us. At the same time, with fewer trees, less carbon dioxide can
be absorbed from the atmosphere, which warms us further. Land surface
changes also affect Earths reflectivity, or albedo.
If Earth is getting warmer,
is it possible to expose individual factors causing climate change?
And what will global warming mean on a regional level? Two Livermore
research teams are searching forand findinganswers.
Atmospheric scientist Ben
Santer, a 1998 John A. and Catherine T. MacArthur Foundation Fellow,
has used sophisticated climate models to separate the effects of
recent major volcanic eruptions and El Niños from other causes
of climate change. The motivation for this research was to shed
light on one of the outstanding puzzles in climate science: why
Earths surface has apparently warmed faster than the lower
At the same time, a team
led by physicist Philip Duffy has brought the highest resolution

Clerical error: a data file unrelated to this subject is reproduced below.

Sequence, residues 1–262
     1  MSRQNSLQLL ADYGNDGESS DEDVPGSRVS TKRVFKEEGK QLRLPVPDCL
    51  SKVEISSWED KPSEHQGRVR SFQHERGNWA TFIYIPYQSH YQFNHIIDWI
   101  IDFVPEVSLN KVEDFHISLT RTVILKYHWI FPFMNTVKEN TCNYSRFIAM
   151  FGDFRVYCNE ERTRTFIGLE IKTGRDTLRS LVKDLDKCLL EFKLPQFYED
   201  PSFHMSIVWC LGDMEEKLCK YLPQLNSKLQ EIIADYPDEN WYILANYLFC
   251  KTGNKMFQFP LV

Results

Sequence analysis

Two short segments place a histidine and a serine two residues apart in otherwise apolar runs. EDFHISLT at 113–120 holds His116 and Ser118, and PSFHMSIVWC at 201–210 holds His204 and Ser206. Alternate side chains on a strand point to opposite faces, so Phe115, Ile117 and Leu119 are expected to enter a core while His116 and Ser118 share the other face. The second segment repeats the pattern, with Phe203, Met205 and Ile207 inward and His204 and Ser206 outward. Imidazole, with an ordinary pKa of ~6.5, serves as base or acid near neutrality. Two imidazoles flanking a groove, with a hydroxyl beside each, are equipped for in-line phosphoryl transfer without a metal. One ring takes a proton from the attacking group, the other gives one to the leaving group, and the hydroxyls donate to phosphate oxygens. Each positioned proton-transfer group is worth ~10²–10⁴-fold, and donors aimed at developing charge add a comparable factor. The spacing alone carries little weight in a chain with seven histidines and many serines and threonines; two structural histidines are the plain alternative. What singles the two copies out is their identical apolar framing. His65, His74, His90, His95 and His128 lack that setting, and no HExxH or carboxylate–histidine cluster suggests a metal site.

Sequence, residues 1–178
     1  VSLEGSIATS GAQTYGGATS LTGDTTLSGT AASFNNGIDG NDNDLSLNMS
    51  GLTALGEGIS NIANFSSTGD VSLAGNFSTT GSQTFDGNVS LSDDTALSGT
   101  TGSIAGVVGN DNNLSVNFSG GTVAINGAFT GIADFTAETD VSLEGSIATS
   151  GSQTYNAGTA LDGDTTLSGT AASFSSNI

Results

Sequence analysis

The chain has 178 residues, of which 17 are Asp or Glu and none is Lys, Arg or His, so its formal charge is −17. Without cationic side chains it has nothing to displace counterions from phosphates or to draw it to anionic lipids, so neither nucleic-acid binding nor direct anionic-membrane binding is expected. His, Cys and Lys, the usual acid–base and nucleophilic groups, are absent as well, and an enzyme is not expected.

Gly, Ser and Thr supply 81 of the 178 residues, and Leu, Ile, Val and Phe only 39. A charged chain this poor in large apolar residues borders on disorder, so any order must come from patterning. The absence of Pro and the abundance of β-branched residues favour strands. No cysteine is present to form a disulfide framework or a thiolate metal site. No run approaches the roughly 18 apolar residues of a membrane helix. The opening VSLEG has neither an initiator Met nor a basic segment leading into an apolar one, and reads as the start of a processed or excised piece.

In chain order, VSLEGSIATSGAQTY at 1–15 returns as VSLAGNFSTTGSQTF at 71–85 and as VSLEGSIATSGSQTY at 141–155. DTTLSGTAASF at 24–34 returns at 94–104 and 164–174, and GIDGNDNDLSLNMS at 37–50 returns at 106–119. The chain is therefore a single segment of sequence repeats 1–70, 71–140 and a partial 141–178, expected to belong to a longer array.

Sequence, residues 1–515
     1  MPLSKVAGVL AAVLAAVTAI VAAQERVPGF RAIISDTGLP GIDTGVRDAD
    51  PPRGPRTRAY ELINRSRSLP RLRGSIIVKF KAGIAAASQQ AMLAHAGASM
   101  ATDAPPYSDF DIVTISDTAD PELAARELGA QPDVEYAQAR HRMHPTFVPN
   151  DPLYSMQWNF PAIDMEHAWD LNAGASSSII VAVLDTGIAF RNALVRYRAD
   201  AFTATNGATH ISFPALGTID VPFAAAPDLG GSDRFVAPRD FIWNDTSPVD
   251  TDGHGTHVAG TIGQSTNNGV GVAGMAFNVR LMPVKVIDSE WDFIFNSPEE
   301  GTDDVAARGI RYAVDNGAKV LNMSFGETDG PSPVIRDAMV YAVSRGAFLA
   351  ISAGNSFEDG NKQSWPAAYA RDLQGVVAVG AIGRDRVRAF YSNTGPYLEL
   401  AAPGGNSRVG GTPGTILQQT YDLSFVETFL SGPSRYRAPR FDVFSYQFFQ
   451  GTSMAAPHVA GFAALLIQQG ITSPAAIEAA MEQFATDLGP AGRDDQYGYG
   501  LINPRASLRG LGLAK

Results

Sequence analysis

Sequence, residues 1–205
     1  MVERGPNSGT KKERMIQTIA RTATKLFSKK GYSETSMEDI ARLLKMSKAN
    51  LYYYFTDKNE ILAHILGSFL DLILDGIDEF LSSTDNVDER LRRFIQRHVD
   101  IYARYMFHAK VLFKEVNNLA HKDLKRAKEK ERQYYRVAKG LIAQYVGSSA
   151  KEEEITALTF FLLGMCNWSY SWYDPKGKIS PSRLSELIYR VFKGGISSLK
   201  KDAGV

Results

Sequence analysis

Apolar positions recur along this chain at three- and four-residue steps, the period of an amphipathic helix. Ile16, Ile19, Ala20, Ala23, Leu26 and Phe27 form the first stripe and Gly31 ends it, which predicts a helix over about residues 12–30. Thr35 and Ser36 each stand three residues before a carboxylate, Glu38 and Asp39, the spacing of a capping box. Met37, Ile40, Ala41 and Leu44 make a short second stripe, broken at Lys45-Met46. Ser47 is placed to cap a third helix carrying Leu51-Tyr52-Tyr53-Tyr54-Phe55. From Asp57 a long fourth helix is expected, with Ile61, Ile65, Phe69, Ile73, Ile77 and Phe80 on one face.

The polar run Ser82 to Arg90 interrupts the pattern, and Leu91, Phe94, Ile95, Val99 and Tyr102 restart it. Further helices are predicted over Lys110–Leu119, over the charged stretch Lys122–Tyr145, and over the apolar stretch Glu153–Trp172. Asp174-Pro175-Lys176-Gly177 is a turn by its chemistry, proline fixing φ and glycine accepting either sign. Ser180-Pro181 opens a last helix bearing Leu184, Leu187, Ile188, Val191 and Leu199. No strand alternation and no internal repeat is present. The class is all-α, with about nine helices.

yet to global climate modeling, revealing a wealth of regional effects
for the first time. Instead of a 300-kilometer gridthe previous
state of the artDuffys team has been able to perform
global simulations using models with grid cell sizes of 75 and even
50 kilometers. These are the finest-resolution global climate simulations
performed to date. The figure below compares these resolutions.
Duffys work would not
be possible without Livermores massively parallel supercomputers,
which can quickly perform the computationally demanding calculations
inherent in global climate modeling. The first simulations using
the 50-kilometer grid ran on the Advanced Simulation and Computing
(ASCI) White computer during its initial, unclassified testing period
in December 2000. Because the ASCI White computer is now used exclusively